HBA Guys Switch Gears

Emulex, QLogic score design wins with switching products

September 15, 2004

3 Min Read
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Dont expect Emulex Corp. (NYSE: ELX) and QLogic Corp. (Nasdaq: QLGC) to quit their day jobs selling HBAs anytime soon, but they’re increasingly moonlighting as switch vendors.

Emulex today announced that NEC is using the entry-level SAN switch it launched last week; and QLogic revealed it expanded its blade server switch relationship with IBM Corp. (NYSE: IBM). (See NEC Uses Emulex Switches and QLogic Unveils IBM Blade Switch.)

Both HBA vendors have been active in the switch area recently. Emulex unveiled four design wins over the past week with its entry-level SAN and InSpeed embedded switches, while QLogic has been pushing to score OEM deals with Hewlett-Packard Co. (NYSE: HPQ) and Dell Inc. (Nasdaq: DELL) for its entry-level SANbox switch family (see QLogic Pulls a Switch Deal).

It makes sense for the HBA vendors to try and broaden their base. According to market research firm Dell'Oro Group, overall HBA revenue slipped 7 percent from the first to the second quarter of this year, while switch revenue remained flat (see SAN Market Revenues Slip).

For the most part, Emulex and QLogic have gone after the underserved SMB and blade server switch markets. Only Brocade has made much progress in either of those emerging storage markets among the Fibre Channel switch vendors (see Brocade Dazzler Starts Low, HP Aims to Dazzle SMBs, and IBM Plugs Brocade Into Blades)."The recent development of the market for low-end switches is an opportunity, and QLogic and Emulex are as well equipped to take advantage of this opportunity as the traditional switch vendors,” says financial analyst Steve Berg of Punk Ziegel & Co.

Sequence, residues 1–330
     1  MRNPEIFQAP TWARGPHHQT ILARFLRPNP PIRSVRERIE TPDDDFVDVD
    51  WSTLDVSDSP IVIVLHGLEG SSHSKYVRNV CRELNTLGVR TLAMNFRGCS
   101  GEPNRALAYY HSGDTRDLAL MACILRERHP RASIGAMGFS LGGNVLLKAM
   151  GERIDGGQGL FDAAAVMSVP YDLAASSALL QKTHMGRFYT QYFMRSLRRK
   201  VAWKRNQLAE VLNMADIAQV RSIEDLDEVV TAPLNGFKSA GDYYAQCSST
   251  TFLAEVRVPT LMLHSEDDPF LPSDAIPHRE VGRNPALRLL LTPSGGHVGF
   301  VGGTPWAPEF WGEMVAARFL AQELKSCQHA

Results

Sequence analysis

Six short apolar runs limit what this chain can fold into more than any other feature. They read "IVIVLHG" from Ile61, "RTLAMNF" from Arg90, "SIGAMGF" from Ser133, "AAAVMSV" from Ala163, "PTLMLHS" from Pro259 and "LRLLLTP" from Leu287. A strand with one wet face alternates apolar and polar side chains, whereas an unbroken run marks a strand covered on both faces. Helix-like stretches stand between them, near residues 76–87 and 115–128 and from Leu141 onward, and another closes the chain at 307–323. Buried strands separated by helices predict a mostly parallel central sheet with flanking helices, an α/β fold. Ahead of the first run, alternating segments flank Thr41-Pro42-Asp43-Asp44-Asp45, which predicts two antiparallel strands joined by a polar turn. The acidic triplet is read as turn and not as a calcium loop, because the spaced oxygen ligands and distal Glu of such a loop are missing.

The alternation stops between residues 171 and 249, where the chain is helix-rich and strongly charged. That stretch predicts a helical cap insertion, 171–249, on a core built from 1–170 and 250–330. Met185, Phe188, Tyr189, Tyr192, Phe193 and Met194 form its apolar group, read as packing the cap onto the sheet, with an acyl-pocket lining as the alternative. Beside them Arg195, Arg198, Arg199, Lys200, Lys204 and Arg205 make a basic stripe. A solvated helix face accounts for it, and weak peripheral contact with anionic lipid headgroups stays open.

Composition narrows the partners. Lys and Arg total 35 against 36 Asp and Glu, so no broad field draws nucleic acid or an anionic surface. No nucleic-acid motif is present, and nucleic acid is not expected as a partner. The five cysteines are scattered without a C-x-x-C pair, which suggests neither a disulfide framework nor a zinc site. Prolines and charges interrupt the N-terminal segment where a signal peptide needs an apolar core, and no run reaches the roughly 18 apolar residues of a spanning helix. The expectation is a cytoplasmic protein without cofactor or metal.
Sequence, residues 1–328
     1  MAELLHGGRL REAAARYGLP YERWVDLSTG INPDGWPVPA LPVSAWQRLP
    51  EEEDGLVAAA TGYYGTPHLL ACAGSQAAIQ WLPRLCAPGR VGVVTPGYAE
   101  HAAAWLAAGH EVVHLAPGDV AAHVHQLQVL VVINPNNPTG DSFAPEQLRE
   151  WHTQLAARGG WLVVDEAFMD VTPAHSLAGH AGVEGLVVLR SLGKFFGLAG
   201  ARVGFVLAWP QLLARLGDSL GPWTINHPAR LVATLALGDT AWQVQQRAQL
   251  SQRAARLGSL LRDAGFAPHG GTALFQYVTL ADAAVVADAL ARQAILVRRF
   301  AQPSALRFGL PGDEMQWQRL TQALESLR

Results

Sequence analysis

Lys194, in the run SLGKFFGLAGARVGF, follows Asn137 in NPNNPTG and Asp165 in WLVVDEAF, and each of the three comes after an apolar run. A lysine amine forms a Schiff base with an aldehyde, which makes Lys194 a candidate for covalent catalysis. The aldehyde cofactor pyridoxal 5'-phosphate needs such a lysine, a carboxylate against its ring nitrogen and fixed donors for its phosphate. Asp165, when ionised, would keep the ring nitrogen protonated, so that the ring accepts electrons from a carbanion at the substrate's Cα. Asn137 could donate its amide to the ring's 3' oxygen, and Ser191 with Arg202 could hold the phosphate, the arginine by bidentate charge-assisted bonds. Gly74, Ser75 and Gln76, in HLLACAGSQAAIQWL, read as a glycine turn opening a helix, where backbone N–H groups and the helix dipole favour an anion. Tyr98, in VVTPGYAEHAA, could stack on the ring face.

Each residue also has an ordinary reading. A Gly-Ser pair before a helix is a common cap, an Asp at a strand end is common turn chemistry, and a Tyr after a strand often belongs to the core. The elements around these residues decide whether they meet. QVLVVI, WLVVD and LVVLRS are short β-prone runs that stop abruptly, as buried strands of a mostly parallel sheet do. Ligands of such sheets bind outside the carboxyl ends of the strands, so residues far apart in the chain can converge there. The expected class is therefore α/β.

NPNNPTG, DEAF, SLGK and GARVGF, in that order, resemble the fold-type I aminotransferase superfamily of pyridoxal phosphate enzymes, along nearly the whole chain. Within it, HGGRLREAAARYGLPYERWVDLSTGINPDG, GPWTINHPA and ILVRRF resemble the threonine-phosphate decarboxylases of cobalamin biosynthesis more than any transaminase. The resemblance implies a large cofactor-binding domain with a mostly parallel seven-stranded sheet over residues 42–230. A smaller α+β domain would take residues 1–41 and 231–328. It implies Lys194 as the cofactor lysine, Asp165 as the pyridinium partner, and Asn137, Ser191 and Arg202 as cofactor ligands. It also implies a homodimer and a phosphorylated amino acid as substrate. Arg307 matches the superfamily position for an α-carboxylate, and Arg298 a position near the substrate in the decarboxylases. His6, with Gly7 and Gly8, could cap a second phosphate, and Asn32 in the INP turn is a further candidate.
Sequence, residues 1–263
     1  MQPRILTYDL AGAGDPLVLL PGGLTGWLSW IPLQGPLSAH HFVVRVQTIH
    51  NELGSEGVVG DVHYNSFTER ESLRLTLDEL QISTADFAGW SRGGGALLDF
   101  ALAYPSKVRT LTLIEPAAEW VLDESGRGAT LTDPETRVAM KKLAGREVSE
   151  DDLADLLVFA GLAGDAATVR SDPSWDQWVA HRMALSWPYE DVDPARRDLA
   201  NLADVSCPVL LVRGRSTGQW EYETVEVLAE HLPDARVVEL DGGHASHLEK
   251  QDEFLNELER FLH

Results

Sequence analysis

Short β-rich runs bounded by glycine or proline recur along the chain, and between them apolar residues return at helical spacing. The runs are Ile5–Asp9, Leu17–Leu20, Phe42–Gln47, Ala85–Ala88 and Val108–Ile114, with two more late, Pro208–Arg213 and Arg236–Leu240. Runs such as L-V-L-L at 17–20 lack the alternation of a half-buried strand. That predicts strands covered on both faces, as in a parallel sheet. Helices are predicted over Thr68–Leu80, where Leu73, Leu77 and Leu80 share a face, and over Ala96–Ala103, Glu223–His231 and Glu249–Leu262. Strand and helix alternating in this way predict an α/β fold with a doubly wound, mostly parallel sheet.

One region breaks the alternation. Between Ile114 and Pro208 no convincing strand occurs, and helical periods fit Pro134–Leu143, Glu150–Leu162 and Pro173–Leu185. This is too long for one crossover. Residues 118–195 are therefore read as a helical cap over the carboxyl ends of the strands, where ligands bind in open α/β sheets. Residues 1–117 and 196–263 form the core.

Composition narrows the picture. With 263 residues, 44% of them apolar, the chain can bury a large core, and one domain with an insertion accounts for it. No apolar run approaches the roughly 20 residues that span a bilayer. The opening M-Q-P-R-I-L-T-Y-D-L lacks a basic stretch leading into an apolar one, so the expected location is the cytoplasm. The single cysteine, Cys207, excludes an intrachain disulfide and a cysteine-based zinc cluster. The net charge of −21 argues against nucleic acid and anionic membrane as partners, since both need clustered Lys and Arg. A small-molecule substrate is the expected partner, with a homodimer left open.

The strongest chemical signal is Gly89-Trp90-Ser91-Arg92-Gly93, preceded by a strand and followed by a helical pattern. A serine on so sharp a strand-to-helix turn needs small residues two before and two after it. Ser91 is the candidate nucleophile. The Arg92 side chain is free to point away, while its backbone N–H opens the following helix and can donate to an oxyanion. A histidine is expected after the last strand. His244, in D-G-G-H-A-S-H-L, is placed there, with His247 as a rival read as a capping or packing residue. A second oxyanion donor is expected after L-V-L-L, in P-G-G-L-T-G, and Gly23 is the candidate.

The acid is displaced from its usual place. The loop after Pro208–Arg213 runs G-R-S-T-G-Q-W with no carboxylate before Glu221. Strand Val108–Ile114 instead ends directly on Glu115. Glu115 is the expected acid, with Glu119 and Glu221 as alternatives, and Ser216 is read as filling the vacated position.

Emulex rolled out 12- and 20-port entry-level SAN switches last week (see Emulex Launches Entry-Level SAN). Since then, it has scored design wins with IBM and NEC (see IBM Launches iSCSI SAN). IBM is using a modified 10-port version in its TotalStorage DS400 low-end Fibre Channel SAN, and NEC offers the 12- and 20-ports switches with its server clustering products. Bob Brencic, Emulex’s director of marketing for InSpeed switches, says another Tier 1 OEM deal is coming soon.

Emulex’s switches are built on technology acquired from Vixel in 2003 (see Emulex Drops Cash for Vixel). It has been selling back-end switch-on-a-chip products for about two years. In the new SAN switches, Emulex moved the chip into a front-end switch.

The new switches are really low-end, even compared to Brocade’s entry-level fabric switch used in SMB SANs from HP and Dell. They support 2 GBytes per second speed, and cost less than $200 per port -- about one quarter the price of traditional fabric switches.

"We’re targeting almost the iSCSI space," Brencic says. “It’s very low end with limited features. Our customers are doing DAS replacement for storage consolidation."Emulex also announced deals with Engenio Information Technologies Inc. and Fujitsu Ltd. (OTC: FJTSY; Tokyo: 6702) for its back-end InSpeed SOC 320 last week. Engenio is using the embedded switches for the first time. Fujitsu, which previously used the switches in its high-end storage systems, added them to its midrange systems (see Fujitsu Selects Emulex and Engenio Targets ILM).

QLogic has the first 6-port switch available on IBM blades. IBM also sells a 2-port Brocade switch on its blades, but the 6-port configuration allows customers to connect directly to storage without using a second switch. The 6-port blade switch costs $15,000.

— Dave Raffo, Senior Editor, Byte and Switch

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